Poof: NY Times story on ‘election deniers’ targeting election company falls apart — in one day

by WorldTribune Staff, October 5, 2022

On Oct. 3, The New York Times ran with an article by reporter Stuart Thompson titled “How a Tiny Elections Company Became a Conspiracy Theory Target.”

In the article, Thompson claims that “election deniers” were targeting Konnech and dismissed as “conspiracy theories” reports that the company had ties to the Chinese Communist Party and had given the Chinese government backdoor access to the personal data of around two million poll workers in the United States.

Konnech CEO Eugene Yu

On Oct. 4, Konnech CEO Eugene Yu was arrested in Meridian Township in Michigan and held on suspicion of theft of personal identifying information which was stored on servers in communist China.

“I have never seen anything age this poorly, this quickly,” Mollie Hemingway, editor in chief of The Federalist, tweeted.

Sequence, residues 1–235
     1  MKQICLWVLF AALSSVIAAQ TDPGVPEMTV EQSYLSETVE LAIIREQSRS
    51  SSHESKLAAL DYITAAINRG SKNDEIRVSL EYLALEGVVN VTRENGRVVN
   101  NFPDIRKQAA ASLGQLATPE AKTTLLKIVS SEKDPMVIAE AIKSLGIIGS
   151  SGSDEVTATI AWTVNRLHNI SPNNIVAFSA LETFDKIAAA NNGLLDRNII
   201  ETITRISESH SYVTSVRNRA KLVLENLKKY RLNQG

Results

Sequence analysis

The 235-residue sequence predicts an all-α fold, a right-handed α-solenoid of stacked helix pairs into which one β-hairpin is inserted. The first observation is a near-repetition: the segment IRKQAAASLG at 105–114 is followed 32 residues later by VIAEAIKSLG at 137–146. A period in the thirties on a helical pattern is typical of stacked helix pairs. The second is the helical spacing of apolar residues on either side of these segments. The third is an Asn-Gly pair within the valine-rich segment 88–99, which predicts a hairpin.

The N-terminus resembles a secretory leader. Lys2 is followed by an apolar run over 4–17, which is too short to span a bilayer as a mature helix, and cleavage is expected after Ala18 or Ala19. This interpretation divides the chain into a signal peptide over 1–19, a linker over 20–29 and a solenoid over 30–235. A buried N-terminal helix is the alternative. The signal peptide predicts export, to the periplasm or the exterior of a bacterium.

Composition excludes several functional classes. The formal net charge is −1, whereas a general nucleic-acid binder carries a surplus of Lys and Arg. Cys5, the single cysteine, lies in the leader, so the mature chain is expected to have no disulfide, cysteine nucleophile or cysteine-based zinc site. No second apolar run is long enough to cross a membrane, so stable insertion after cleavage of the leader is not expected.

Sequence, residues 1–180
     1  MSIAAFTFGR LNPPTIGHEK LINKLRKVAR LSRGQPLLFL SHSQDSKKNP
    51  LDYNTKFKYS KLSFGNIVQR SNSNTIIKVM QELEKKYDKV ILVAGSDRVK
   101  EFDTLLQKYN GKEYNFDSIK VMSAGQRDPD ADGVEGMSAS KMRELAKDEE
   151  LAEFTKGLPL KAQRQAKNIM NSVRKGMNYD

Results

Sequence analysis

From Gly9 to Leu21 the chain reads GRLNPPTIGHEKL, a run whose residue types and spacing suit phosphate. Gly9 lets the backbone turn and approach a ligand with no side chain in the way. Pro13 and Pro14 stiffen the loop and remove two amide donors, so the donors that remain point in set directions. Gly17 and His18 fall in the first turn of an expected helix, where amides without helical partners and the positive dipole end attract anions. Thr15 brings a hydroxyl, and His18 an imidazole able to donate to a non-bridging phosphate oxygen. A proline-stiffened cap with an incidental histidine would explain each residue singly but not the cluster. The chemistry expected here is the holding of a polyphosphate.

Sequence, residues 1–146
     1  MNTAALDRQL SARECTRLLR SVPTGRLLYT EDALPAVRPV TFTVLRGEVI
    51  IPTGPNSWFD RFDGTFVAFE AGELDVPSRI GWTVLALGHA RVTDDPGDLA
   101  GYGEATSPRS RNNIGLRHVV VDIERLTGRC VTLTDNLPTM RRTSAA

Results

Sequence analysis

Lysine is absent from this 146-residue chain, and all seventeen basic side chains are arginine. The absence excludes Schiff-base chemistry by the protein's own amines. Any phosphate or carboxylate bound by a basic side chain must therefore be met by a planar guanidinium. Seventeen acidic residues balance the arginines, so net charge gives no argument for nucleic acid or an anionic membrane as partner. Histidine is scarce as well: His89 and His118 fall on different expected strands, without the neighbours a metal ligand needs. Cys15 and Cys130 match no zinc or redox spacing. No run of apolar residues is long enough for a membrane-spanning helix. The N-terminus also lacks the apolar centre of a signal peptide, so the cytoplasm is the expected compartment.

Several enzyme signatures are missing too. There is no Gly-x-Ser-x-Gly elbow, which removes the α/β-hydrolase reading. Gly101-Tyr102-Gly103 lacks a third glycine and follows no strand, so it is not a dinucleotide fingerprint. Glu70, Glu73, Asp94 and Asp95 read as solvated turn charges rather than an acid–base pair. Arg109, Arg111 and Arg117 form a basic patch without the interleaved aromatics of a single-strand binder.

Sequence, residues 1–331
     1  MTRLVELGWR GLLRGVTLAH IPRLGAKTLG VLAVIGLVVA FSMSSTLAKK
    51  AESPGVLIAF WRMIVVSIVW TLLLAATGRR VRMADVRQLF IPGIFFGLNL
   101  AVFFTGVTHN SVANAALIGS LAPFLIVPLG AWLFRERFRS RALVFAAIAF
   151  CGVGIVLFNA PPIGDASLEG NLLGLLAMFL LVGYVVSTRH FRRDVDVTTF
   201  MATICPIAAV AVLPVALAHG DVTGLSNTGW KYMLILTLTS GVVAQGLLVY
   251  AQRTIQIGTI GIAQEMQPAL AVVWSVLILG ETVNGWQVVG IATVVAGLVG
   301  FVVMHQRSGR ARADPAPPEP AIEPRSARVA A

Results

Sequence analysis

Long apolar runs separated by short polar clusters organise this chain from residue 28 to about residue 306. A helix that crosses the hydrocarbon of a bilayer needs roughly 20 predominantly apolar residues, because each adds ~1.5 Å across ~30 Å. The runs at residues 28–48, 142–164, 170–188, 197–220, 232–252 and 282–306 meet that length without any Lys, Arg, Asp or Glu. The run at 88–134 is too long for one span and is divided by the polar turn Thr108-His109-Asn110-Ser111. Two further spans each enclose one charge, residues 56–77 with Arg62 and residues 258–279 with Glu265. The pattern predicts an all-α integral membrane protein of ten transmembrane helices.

Related: Made in China? A closer look at U.S. election software’s coders and patents, August 25, 2022

Computer hard drives and other “digital evidence” were seized by investigators in Michigan, authorities said.

Prosecutors will seek Yu’s extradition to California.

In 2020, Konnech won a five-year, $2.9 million contract with Los Angeles County for software to track election worker schedules, training, payroll, and communications, according to the county registrar-recorder/county clerk, Dean Logan.

Konnech was required to keep the data in the United States and only provide access to citizens and permanent residents but instead stored it on servers in communist China, the LA District Attorney’s Office said in an Oct. 4 press release.

The East Lansing-based Konnech Inc., which helps manage poll workers, poll locations, campaigns, assets, mail-in ballots, and supplies for elections in the U.S., Canada, and Australia, “has been recruiting Chinese software engineers since at least December 7, 2005,” the Kanekoa Newsletter on substack.com reported on Aug. 20.

Action . . . . Intelligence . . . . Publish